“XYZ Corporation is excited to announce the launch of its new product line, which is revolutionizing the industry.” With just a few short sentences, the reader knows what company is responsible for the news, what the news is and why it matters. The rest of the press release should provide more detailed information about the product, including features, benefits, pricing, etc.

  1. Body

The body of your press release should provide further information about your announcement. Be sure to include all of the relevant details, such as product features, benefits, quotes from company spokespeople, etc. Here are some tips to keep in mind as you’re writing the body of your press release:

i. Use simple, easy-to-understand language

Don’t try to impress readers with big words or complex sentence structure. The goal is to communicate your message clearly and effectively, so use language that everyone can understand.

ii. Avoid industry jargon

Similarly, avoid using industry-specific jargon or acronyms that not everyone will be familiar with. Remember, you want your press release to be accessible to as many people as possible, so use language that everyone can understand.

iii. Focus on the key message

As you’re writing, keep your key message in mind and make sure that all of the information in your press release supports it. Every sentence should be related to your main message, so if you find yourself straying off-topic, cut it out.

iv. Keep it concise

Press releases are typically short- no more than a few pages long. This means that every word counts, so make sure that every sentence is necessary and adds value to your message. If you can say something in fewer words, do it.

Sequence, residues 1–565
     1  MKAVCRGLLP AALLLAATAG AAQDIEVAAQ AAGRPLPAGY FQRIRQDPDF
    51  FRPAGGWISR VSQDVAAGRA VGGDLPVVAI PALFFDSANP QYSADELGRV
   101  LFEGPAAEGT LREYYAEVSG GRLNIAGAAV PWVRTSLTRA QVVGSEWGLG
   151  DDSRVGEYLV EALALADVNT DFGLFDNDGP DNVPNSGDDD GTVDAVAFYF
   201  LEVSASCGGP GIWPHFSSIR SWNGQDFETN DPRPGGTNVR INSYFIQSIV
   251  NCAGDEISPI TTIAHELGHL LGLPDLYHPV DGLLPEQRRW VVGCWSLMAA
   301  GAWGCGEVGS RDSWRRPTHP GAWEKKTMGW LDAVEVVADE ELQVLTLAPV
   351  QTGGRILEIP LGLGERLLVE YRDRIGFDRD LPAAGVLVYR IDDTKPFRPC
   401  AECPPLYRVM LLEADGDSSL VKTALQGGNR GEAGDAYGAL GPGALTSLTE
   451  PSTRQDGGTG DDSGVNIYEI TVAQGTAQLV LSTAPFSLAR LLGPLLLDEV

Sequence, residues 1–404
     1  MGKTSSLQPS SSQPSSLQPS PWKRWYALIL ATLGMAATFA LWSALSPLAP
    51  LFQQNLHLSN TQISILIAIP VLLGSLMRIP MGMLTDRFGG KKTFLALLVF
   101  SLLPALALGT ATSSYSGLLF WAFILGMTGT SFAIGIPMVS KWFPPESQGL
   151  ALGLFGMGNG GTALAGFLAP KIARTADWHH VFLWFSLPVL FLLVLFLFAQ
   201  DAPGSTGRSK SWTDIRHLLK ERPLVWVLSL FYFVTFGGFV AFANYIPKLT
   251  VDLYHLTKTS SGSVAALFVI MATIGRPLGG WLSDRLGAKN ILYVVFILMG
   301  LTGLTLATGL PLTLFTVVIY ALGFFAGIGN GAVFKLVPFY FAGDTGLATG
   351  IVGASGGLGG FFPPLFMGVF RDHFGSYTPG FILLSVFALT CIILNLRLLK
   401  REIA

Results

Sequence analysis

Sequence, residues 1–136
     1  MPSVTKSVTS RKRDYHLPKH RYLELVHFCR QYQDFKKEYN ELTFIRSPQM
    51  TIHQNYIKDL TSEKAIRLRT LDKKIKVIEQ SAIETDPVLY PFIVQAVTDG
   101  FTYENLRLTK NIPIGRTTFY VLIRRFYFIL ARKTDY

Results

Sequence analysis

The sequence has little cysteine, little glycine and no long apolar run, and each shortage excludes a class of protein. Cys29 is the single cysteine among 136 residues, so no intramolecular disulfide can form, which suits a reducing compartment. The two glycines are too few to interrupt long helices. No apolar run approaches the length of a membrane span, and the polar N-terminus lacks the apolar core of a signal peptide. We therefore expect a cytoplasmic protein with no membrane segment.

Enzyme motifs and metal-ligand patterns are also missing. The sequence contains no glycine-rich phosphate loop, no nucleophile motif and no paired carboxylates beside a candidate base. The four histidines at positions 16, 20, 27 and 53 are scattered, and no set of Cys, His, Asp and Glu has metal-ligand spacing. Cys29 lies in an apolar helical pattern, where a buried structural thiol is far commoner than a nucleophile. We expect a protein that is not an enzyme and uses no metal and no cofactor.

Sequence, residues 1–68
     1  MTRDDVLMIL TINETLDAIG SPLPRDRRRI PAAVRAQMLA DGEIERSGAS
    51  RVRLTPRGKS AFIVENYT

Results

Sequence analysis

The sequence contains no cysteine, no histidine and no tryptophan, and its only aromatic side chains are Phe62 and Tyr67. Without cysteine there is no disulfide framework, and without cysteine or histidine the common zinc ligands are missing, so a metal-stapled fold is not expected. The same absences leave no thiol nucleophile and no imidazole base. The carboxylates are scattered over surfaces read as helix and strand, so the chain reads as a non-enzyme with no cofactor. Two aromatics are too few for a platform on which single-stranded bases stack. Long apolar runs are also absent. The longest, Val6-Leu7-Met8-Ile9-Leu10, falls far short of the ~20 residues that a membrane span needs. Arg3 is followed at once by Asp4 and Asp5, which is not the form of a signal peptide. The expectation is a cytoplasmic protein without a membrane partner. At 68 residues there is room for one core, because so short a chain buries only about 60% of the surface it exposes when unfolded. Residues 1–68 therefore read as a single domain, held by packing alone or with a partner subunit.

v. Quotes

Including quotes from company spokespeople or other relevant experts is a great way to add credibility and context to your press release. When choosing quotes, look for people who can speak to the main points of your announcement and add value to your story. Be sure to get permission from the quotee before you include their remarks in your press release.

  1. Boilerplate

A boilerplate is a short, standard bio that can be used at the end of your press release to provide information about your company. This is generally one or two sentences long and includes basic facts like the company’s history, mission statement, etc. Here’s an example of a boilerplate from Google:

“Google’s mission is to organize the world’s information and make it universally accessible and useful.”

  1. Contact Information

At the end of your press release, you should include your contact information, including your name, phone number, and email address. You should also include the contact information for your company’s PR representative, if applicable. This will give journalists a way to get in touch with you if they have any questions about your story.

Writing a press release can be a daunting task, but with a little practice, it will become second nature. Just remember to keep your key message in mind, focus on the most important details, and use simple, easy-to-understand language. If you do all of those things, you’ll be well on your way to writing a great press release.